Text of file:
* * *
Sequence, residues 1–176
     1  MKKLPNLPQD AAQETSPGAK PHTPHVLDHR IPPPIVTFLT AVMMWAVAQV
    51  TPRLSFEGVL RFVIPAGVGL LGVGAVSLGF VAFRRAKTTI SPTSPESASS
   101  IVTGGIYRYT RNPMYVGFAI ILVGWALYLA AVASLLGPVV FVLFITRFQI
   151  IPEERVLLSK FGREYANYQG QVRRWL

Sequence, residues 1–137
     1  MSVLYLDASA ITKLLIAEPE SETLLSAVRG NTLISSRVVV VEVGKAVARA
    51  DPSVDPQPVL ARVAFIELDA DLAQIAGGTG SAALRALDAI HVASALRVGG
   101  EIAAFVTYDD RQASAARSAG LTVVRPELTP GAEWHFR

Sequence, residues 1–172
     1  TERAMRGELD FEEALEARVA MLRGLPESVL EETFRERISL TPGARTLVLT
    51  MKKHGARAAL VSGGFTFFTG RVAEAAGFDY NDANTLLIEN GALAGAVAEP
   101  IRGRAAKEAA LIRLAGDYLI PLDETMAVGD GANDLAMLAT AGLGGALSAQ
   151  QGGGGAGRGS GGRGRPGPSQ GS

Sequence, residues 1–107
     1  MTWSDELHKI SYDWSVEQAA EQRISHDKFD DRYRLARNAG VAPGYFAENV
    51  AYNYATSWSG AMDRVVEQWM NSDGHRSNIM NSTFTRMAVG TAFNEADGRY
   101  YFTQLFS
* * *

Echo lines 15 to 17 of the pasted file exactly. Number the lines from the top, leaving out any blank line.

Sequence, residues 1–107
     1  MTWSDELHKI SYDWSVEQAA EQRISHDKFD DRYRLARNAG VAPGYFAENV
    51  AYNYATSWSG AMDRVVEQWM NSDGHRSNIM NSTFTRMAVG TAFNEADGRY